The usual pre-employment testing criteria applies: the candidate must give their written approval, and the check should be conducted after a job offer is extended.
Although attorneys and the courts will ultimately decide the legality of such a check, employers should carefully evaluate whether or not to conduct such a check. My rule of thumb as a best practice is to always make sure all pre-job testing as a valid business reason. (A secretary does not need to lift 100-lb. boxes, for example).
Here are some guidelines to consider before implementing a credit check:
Is there a business need? If an employee will be handling cash, or managing financial transactions, the answer would be yes. But if the open position is working in a warehouse, or as a telephone operator, my suggestion would be ‘no’.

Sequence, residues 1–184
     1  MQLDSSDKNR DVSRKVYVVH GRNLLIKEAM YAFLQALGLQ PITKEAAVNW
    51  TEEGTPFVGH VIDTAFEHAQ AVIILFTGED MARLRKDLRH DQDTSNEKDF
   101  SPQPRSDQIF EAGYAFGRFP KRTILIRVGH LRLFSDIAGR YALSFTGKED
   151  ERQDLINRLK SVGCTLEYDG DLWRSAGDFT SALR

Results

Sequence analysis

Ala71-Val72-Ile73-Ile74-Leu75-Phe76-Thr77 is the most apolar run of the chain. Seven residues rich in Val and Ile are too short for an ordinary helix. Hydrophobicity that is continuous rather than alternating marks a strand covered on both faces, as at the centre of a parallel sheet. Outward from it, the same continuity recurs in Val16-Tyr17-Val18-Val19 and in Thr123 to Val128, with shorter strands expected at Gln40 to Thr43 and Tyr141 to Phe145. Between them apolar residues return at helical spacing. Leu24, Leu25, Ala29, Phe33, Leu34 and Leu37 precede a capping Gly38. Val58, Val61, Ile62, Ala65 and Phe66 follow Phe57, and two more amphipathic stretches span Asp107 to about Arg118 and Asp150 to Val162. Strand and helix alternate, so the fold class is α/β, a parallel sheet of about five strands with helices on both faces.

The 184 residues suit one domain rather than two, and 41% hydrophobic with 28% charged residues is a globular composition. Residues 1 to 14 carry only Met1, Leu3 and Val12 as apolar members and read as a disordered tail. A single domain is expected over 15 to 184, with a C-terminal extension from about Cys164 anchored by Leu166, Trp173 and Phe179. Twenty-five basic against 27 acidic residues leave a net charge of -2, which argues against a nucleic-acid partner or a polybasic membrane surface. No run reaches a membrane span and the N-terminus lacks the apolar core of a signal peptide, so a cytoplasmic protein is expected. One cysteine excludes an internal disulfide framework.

If you elect to conduct credit checks, you must be consistent: you can’t just single out one candidate for a credit check; all candidates applying for the selected positions must be checked.
Follow the guidelines establish by the Fair Credit Reporting Act (FCRA).
Notify the candidate when an adverse action is taken (such as not hiring) on the basis of such reports.
You must also identify the company that provided the report, so that the accuracy and completeness of the report may be verified or contested by the candidate.